When Ariana Boussard-Reifel saw a very pregnant Beyoncé on the 2017 Grammys stage wearing a pair of her signature Despina cuffs as part of her gilded homage to the Yoruban goddess Oshun, “I nearly fell over,” recalls the Brooklyn-based jewelry designer. Boussard-Reifel makes jewelry under her own name and also maintains a cult-favorite online shop, Marteau, that specializes in tribal-centric jewelry.
Not long after, she nearly swooned again seeing Beyoncé’s sister Solange rock the same cuff during her acceptance speech at the BET Awards.
But Boussard-Reifel is just as proud of being included in a tightly curated selection of pieces at the Brooklyn Museum Shop that recently imagined what Georgia O’Keefe might wear if she were living in modern times. “O’Keefe has always been an inspiration for me,” says the designer, “and it was humbling to be contextualized that way.”
We asked Boussard-Reifel, whose short jewelry career has been peppered by such professional highs, to submit to our Five Questions:
JCK: How did you get started as a designer?
Ariana Boussard-Reifel: My path to launching my own jewelry line was circuitous. Both of my parents are artists. My mother does large installation pieces and my father is a furniture designer. I grew up on a ranch in Montana, so I was making things from an early age. As a child and teenager, I was always hobbling together jewelry, mostly wire work, glass blowing, and beading. My degree is in fine arts with a focus on sculpture. After moving to NYC and beginning my studio practice, I realized that it was beyond challenging to survive on the minimal sales of my sculpture, so I started selling vintage clothing.
About five years in, I pivoted to a vintage tribal jewelry shop called Marteau. It has since grown to be one of the preeminent shops for tribal and ethnographic silver. It took me a surprisingly long time to merge my passions of jewelry collecting and sculpting, but once I did, the design process became very intuitive. And I launched a collection under my own name in early 2016. I’ve been hustling ever since.
Ariana Boussard-Reifel’s Despina cuff in brass, $550
JCK: What inspires you as a designer?
Boussard-Reifel: I am lucky to spend all day surrounded by interesting jewelry from different times in history because of my vintage and antique business.
Consequently, my creative process often starts with forms that I have seen in older tribal jewelry. I look for shapes that will either echo or contradict the body when worn. I take a very sculptural approach. Jewelry really is just small, wearable sculpture, so I look at the negative space of a piece, the way that it feels on the body and the emotional qualities it possesses. I let all these shapes percolate and try to translate them through a sense of modernism.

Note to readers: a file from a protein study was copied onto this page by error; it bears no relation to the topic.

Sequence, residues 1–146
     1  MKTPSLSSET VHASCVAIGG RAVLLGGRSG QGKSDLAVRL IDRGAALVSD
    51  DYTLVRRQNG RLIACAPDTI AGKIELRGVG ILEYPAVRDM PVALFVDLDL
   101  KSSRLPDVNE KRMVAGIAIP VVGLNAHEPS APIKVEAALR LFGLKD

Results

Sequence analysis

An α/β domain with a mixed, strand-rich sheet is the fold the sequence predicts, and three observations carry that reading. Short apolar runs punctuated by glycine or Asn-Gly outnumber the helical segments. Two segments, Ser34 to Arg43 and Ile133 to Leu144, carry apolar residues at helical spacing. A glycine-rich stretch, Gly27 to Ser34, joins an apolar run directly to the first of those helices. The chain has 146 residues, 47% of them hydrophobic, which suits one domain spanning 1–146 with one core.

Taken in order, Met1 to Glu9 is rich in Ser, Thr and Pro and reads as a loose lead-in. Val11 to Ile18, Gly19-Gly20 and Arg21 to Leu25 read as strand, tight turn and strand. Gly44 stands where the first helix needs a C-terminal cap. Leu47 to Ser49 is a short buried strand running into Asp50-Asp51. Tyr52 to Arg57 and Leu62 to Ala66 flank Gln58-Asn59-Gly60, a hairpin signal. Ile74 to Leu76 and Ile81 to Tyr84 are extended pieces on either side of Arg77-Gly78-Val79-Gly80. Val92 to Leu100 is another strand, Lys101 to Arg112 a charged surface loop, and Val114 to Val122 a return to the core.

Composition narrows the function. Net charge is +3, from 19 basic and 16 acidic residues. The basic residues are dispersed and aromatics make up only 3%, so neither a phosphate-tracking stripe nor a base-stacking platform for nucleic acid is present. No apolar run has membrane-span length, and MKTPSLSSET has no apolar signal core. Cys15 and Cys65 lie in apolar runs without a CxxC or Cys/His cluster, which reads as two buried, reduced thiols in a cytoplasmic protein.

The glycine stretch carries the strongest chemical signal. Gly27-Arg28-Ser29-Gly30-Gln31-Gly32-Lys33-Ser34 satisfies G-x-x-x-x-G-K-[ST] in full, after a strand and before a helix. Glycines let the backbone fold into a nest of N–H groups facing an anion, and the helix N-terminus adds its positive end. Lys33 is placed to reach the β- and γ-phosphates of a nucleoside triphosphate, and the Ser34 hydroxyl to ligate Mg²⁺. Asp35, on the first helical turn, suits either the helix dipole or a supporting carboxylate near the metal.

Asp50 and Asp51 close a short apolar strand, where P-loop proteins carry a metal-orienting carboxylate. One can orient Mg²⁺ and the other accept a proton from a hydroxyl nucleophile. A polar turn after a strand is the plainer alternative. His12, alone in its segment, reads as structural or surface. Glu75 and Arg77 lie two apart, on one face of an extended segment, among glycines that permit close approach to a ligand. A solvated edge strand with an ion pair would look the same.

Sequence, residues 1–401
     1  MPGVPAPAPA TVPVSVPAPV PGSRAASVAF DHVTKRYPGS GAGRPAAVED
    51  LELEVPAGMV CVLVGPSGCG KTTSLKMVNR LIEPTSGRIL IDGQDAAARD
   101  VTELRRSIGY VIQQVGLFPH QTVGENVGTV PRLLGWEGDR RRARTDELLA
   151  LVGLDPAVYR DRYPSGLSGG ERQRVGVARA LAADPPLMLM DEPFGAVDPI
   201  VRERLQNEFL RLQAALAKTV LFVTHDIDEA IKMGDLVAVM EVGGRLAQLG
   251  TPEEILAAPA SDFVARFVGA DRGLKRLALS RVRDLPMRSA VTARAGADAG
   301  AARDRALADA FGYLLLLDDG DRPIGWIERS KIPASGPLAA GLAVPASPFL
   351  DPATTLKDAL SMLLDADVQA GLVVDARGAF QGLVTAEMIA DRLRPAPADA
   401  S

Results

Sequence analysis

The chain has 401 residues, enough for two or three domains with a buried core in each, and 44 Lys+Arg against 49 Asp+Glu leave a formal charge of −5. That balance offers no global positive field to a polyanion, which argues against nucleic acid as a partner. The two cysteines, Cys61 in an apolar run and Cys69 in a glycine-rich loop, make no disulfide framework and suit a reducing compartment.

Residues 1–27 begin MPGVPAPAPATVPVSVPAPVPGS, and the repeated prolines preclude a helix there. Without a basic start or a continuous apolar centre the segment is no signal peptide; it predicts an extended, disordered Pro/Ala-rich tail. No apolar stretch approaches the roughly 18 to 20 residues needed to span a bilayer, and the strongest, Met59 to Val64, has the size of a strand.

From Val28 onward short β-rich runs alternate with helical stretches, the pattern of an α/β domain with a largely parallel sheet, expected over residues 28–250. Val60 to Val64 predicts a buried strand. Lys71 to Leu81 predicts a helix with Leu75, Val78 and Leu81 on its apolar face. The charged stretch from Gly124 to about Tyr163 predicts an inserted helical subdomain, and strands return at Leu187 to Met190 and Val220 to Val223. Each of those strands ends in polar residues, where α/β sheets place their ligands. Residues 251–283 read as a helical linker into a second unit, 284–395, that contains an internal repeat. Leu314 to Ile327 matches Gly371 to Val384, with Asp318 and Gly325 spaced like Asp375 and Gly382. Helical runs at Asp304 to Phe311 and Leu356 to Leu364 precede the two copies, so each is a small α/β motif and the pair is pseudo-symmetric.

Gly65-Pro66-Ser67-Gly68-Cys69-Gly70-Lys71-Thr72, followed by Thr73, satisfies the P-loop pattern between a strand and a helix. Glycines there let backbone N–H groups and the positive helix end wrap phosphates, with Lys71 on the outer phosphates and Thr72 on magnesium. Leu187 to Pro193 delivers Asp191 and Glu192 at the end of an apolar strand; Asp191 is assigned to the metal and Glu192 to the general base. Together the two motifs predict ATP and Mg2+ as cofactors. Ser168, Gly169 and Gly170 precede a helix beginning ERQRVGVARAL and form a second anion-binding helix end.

Zobeide earrings in polished silver, $495
JCK: How do you think your pieces fit into the lives of the people who wear them?
Boussard-Reifel: Comfortably, I hope! The aim is that my jewelry will help women (and a few men) feel like their most empowered selves. My designs are big and strong, and they get noticed. When women wear them they tend to feel strong and confident.
We sell to many editors and stylists, and in turn, we are worn by some of the more fashion-forward celebs. We also are really ingrained in the museum and artistic communities. I love seeing my jewelry on artists and designers. That is to me the biggest honor. Overall I find our jewelry is more often than not a self-purchase, which I love!
JCK: What are some of your favorite pieces you’ve ever made—and why?
Boussard-Reifel: Oh wow, that’s hard. It’s like picking between my children! The Isidora ring and the Despina cuff have a very special place in my heart because they were the first pieces I designed and were really what gave birth to the whole line. Every day I wear a sterling Despina or two and rotate between my more statement earrings. Currently, the Long Artemisia danglers are getting a lot of face time!
Namib earrings, $175
JCK: What jewelry designers do you admire—and why?
Boussard-Reifel: Obviously, I have a lot of admiration for the unnamed craftsman that keep traditional ethnographic design alive. I owe them a huge debt of gratitude. I’m inspired by Robert Lee Morris’ work, his scale, and sultry shapes as well as his business acumen. And I adore Alexander Calder’s jewelry, more than his sculptures actually. I love how his clean forms take on a ritual quality. And I find it so charming that they were usually made for people he loved.
(Top: Designer Boussard-Reifel; All images courtesy of Ariana Boussard-Reifel)
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